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Mafia Hitman, Two Other Men Indicted In Boston Mob Boss James 'Whitey' Bulger’s 2018 Prison Killing

Fotios “Freddy” Geas, Paul J. DeCologero, and Sean McKinnon all face charges in connection to the 2018 killing of James "Whitey" Bulger, who was beaten to death in his cell at UPS Hazleton hours after he was transferred from a Florida prison.

James Whitey Bulger G

Three men, including a former mafia hitman, have been indicted in the murder of notorious Boston gangster, James “Whitey” Bulger, who was beaten to death in his prison cell nearly four years ago.

Fotios “Freddy” Geas, 55, Paul J. DeCologero, 48, and Sean McKinnon, 36, were indicted on Wednesday in Bulger’s fatal beating at a West Virginia prison in 2018, according to the Justice Department. They were charged with conspiracy to commit first-degree murder in connection with Bulger’s death.

Geas has also been separately charged with murder by a federal inmate serving a life sentence. McKinnon is facing a single separate charge of making false statements to a federal agent as well.

On Oct. 30, 2018, Bulger was found beaten to death in his cell at UPS Hazleton in West Virginia’s Preston County hours after being transferred from a Florida prison. He was repeatedly hit in the head with a padlock stuffed inside a sock, according to NBC News. He was 89.

A motive hasn’t been released in Bulger’s killing.

“With the indictment announced today, the U.S. Attorney for the Northern District of West Virginia has started the process of holding the men alleged to have violently ended a life accountable,” U.S. Attorney Rachael S. Rollins said in a statement. “In the truest of ironies, Bulger’s family has experienced the excruciating pain and trauma their relative inflicted on far too many, and the justice system is now coming to their aid.” 

Geas,  DeCologero, and McKinnon had all been forced into solitary confinement during the investigation into Bulger’s death, according to the Boston Globe.

Geas remains incarcerated at UPS Hazleton. He was sentenced to life in prison in 2003 for the slaying of Adolfo “Big Al” Bruno a Genovese crime family boss in Springfield, Massachusetts, according to the Associated Press.

DeCologero was part of a North Shore Massachusetts’ gang called the “DeCologero Crew,” per the Associated Press.

McKinnon, who was recently out on parole at the time the indictment was handed down, was arrested Thursday in Florida. DeCologero is serving a life sentence at USP Lee in Virginia, according to federal prison records.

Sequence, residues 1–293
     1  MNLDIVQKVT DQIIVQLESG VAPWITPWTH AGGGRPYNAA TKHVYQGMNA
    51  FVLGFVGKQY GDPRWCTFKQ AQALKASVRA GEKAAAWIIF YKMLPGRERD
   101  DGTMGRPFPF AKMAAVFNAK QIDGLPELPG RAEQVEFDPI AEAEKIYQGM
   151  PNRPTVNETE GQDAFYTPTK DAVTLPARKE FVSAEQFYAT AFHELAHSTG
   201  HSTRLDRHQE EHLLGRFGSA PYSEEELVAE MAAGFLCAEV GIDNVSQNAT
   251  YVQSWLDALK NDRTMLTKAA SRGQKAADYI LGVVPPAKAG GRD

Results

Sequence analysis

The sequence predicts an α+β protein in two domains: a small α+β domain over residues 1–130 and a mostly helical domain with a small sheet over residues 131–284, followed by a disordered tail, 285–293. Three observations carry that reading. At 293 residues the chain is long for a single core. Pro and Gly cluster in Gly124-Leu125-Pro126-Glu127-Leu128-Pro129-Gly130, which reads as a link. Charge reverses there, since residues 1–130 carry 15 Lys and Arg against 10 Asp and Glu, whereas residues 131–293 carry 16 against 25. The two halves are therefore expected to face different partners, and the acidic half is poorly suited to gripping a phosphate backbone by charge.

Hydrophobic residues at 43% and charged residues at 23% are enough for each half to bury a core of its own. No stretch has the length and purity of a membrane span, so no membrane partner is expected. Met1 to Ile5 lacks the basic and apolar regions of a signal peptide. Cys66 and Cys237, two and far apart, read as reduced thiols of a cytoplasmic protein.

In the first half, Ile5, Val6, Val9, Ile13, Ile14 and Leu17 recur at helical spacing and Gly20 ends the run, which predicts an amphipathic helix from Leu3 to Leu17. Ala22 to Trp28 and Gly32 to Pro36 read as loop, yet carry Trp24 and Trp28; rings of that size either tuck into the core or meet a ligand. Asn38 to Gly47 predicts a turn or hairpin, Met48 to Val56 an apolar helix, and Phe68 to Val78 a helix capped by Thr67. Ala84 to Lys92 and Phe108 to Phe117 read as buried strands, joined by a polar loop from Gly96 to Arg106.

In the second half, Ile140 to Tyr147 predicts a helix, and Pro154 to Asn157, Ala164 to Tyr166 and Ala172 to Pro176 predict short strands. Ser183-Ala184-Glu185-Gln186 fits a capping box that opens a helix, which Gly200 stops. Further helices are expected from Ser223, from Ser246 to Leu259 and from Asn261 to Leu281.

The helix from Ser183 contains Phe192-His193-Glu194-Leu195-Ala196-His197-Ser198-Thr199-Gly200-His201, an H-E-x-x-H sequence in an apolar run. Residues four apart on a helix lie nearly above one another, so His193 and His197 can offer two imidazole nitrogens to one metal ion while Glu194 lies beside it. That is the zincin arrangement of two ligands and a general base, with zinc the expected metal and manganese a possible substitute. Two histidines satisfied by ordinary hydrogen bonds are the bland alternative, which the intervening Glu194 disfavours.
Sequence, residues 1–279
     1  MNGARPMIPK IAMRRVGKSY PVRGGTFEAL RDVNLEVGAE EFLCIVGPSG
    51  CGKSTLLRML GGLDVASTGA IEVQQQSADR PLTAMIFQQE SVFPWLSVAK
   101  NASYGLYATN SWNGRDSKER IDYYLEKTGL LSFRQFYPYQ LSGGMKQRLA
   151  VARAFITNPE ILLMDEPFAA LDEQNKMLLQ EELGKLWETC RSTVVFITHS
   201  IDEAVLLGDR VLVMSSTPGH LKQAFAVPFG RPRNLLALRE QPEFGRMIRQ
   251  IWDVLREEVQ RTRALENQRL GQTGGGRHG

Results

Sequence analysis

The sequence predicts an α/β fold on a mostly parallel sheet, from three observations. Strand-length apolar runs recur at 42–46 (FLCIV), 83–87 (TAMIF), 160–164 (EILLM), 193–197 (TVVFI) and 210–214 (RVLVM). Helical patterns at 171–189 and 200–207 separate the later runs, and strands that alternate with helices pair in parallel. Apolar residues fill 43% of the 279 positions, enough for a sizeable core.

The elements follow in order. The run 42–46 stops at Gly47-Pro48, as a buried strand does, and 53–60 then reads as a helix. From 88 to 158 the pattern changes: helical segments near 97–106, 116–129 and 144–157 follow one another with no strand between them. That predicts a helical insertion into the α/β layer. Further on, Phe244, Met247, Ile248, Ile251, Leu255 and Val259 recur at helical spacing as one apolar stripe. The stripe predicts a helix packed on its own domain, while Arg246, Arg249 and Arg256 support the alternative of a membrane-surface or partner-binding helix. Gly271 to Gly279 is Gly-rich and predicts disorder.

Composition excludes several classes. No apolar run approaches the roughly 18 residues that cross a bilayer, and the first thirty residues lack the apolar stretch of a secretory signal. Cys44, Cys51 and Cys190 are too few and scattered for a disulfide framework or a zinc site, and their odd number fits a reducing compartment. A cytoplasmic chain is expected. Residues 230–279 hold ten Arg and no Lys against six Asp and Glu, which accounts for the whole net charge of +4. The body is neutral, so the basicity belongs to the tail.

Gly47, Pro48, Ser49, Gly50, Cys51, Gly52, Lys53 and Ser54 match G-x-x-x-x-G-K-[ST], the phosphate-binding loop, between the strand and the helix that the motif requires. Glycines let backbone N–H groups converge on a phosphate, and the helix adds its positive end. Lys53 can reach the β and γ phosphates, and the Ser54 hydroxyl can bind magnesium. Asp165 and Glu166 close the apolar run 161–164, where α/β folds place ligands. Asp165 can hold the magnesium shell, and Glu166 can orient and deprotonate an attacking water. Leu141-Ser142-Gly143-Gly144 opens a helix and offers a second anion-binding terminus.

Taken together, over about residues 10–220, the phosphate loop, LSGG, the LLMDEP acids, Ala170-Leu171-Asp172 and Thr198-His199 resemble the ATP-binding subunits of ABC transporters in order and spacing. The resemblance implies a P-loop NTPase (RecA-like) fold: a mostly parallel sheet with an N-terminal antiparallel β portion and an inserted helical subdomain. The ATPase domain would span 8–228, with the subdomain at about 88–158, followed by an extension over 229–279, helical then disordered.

Daniel Kelly, Geas’ defense attorney wasn’t immediately available for comment on Friday afternoon when contacted by Oxygen.com. It’s unclear if McKinnon and DeCologero have retained defense counsel.

Bulger ran South Boston’s Irish mob in the 1970s and 1980s. He later became an FBI informant, gaining racket-wide police protection in exchange for providing intelligence on his rivals in the Italian mafia. In 1994, Bulger fled Boston after his FBI handler John Connolly Jr. tipped off the Boston gangster that he was soon to be indicted. Bulger evaded authorities for 16 years, until his capture in June 2011. 

In 2013, Bulger pleaded not guilty to racketeering charges and 11 murders. He was later convicted on all charges and sentenced to life in prison. Officials suspect the Boston gangster was involved in at least eight other known homicides during his reign of South Boston. Bulger, who called the trial a "sham," didn't testify during proceedings.

Prior to his killing, he’d been transferred from Florida to UPS Hazelton over disciplinary issues, the Associated Press reported.

Bulger’s family, who accused corrections officials of failing to protect him, previously filed a lawsuit against the Federal Bureau of Prisons and 30 unidentified prison workers in connection with his death. The 89-year-old was the third inmate murdered within the span of six months at USP Hazelton.

McKinnon, who spent years in solitary confinement in the wake of Bulger’s murder, previously maintained his innocence during a 2021 interview.

“I told the feds if I had something to tell them, I would,” McKinnon told NBC News during a telephone interview. “I know nothing. I’m an innocent man.”

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